How To Protect Your PC

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How To Protect Your PC

Post: # 102Post LHammonds »

In order to enjoy Oblivion, your PC needs to be in top condition and that means keeping bad programs away from it. Here are some tips:

1. Use a web browser other than Microsoft Internet Explorer. I am not going into the "who is more secure" debate because hackers target whoever is "on top" and that is the IE browser. I personally use Firefox because I am a web developer and really like the custom extensions available.

2. Use a hardware firewall if you can afford one.

3. Even if you have a hardware firewall, use a software firewall. (use only one)
- Comodo Firewall Pro (FREE no restrictions)
- ZoneAlarm Firewall (FREE for home use)
- Windows Firewall (FREE, comes with Windows XP, the SP2 version is recommended if you go this route but does not protect outbound traffic)

4. Use an Anti-Virus software and keep it updated. (install only one)
- Comodo Antivirus (FREE, no restrictions)
- Avast! Home Edition (FREE for home use)
- Avira Antivir (FREE for home use, crippleware)
- AVG Anti-Virus FREE Edition (FREE for home use)
- Clamwin (FREE, does not have real-time scanner...manual scans only)

5. Use Anti-Spyware software and keep them updated.
- Comodo AntiMalware (FREE, no conditions)
- Microsoft Malicious Software Removal Tool (FREE)
- Malwarebytes (FREE for home use)
- Ad-aware (FREE for home use)
- Bazooka Spyware Scanner (FREE)
- Microsoft Windows Defender (FREE, requires Genuine Advantage)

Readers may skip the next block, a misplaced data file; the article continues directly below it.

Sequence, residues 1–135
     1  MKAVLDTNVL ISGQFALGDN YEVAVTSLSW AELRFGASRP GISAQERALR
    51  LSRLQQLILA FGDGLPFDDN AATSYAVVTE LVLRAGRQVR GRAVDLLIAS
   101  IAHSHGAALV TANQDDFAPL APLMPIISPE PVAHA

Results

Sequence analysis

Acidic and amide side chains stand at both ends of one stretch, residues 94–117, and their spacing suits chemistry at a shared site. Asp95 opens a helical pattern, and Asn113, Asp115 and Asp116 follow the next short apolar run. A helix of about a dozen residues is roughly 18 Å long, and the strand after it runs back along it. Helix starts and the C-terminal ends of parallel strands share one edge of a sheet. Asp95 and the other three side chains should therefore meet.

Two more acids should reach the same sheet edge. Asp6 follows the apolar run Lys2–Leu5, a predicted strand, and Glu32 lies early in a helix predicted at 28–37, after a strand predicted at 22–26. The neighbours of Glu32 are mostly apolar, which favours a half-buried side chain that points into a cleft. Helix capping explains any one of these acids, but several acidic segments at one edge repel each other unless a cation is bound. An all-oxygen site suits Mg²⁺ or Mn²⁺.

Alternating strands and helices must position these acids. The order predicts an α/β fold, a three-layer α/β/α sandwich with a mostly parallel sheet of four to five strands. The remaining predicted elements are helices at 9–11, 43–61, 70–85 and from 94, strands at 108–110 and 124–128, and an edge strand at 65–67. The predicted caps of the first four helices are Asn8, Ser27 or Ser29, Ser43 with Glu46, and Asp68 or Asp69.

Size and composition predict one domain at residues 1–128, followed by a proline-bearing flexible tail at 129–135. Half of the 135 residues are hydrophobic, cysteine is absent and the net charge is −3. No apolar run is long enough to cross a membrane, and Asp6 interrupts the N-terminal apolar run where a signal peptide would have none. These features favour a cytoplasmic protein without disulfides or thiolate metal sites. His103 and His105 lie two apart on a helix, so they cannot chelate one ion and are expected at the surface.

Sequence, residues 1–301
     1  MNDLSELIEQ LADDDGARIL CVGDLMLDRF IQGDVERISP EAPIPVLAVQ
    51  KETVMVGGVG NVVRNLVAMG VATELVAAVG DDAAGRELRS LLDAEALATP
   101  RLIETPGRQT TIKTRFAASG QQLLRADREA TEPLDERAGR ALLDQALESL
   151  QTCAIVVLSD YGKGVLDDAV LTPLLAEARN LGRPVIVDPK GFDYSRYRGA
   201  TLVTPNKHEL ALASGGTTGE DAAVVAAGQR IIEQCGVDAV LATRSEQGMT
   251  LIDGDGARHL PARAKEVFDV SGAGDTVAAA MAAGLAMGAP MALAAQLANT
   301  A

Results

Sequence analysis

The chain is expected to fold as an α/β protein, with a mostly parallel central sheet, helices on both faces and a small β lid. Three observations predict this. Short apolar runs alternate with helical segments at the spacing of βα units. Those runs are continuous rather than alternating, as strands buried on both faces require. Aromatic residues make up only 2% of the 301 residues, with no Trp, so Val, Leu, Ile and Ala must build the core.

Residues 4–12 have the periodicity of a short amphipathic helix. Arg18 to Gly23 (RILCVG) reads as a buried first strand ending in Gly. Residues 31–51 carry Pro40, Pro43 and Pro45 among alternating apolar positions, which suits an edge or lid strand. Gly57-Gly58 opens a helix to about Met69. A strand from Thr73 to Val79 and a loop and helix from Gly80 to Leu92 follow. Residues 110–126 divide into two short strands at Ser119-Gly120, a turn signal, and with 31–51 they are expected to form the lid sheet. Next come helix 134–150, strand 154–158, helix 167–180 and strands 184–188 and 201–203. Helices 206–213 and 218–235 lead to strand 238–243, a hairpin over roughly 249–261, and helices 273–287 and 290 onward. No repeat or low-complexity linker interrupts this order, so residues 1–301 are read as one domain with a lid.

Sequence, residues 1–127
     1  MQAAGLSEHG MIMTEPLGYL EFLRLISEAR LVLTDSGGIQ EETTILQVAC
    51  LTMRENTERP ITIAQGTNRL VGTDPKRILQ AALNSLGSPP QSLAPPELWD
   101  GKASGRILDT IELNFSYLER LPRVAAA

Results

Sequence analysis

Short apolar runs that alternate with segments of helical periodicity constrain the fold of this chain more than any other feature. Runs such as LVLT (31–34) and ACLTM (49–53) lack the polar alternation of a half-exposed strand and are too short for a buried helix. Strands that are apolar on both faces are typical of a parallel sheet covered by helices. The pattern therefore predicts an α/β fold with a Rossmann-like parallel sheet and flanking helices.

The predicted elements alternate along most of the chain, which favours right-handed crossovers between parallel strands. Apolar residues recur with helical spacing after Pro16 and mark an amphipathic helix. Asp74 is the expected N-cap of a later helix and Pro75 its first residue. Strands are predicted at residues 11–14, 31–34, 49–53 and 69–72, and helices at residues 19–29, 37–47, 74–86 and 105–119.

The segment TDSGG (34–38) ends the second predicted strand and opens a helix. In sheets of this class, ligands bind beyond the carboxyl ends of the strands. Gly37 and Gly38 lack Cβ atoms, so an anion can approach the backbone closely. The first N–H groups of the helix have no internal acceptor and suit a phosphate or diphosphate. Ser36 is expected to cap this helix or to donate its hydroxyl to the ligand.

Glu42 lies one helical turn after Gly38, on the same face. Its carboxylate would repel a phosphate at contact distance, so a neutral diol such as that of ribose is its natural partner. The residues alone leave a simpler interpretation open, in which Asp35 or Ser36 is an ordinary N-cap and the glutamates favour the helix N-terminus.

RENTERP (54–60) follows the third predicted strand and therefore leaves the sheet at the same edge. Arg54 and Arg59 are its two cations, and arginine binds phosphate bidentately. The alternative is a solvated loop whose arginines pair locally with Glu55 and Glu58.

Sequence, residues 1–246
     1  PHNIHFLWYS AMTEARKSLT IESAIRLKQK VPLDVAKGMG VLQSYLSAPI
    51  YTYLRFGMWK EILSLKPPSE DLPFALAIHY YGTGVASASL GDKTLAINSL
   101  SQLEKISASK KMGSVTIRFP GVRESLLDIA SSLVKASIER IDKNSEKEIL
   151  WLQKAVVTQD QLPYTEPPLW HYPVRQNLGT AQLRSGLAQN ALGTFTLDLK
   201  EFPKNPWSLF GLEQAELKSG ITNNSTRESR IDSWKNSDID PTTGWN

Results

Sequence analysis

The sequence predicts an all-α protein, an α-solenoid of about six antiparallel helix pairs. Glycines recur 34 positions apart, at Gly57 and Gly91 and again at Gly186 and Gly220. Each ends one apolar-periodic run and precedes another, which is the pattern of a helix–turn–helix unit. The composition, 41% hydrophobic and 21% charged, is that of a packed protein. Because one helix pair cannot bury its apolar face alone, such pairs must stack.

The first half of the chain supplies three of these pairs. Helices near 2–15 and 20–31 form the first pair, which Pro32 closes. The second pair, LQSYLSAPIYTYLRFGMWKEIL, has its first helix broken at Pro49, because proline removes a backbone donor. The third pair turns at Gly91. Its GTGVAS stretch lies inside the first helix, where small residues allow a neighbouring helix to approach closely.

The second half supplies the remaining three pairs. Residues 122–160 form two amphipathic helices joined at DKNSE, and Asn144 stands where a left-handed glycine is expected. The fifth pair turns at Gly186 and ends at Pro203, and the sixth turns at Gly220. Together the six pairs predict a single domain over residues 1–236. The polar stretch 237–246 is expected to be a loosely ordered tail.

- Spybot Search and Destroy (FREE)
- Spyware Blaster (FREE)
- TrendMicro HijackThis (FREE, good for reporting)

6. If you use Email, use an Anti-SPAM program and keep it updated. (install only one)
- Comodo AntiSpam (FREE)
- Spam Nullifier (FREE)
- Spam Experts (FREE for home use)

7. Before disaster strikes, make a bootable recovery CDROM. The Ultimate Boot CD for Windows is probably your best bet.

8. Keep all your "data" files that you consider necessary (as in the event of a hard-drive failure) in one location to make backups easier, faster and thus more likely to happen. I keep mine in an organized structure under E:\MyData and use a tool called SyncBackSE to copy all the files to a secondary hard drive on a nightly basis in case one hard drive goes belly up. I also have another SyncBack profile that copies the same data to an external hard drive once in a while for offsite storage.

NOTE #1: Avoid Download Managers, most, if not all, are garbage and cause more problems than they help (such as system instability).

NOTE #2: Click here for the current security analysis report that compares security suites on how well they protect your PC from various threats.

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